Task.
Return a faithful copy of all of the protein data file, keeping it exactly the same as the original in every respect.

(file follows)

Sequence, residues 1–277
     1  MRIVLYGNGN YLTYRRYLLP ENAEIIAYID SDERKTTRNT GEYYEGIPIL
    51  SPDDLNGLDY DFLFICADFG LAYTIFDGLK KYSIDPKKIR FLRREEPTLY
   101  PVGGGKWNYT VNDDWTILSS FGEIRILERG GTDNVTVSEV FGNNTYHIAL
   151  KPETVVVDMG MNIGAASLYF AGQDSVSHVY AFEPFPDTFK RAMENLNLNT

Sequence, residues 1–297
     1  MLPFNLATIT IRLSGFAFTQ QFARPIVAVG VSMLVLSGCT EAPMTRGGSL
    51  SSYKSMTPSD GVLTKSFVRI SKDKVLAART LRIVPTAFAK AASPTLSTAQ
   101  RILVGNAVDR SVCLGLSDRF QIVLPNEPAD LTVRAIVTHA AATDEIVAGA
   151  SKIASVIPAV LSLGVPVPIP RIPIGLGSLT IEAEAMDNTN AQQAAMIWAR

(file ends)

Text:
Sequence, residues 1–277
     1  MRIVLYGNGN YLTYRRYLLP ENAEIIAYID SDERKTTRNT GEYYEGIPIL
    51  SPDDLNGLDY DFLFICADFG LAYTIFDGLK KYSIDPKKIR FLRREEPTLY
   101  PVGGGKWNYT VNDDWTILSS FGEIRILERG GTDNVTVSEV FGNNTYHIAL
   151  KPETVVVDMG MNIGAASLYF AGQDSVSHVY AFEPFPDTFK RAMENLNLNT

Sequence, residues 1–297
     1  MLPFNLATIT IRLSGFAFTQ QFARPIVAVG VSMLVLSGCT EAPMTRGGSL
    51  SSYKSMTPSD GVLTKSFVRI SKDKVLAART LRIVPTAFAK AASPTLSTAQ
   101  RILVGNAVDR SVCLGLSDRF QIVLPNEPAD LTVRAIVTHA AATDEIVAGA
   151  SKIASVIPAV LSLGVPVPIP RIPIGLGSLT IEAEAMDNTN AQQAAMIWAR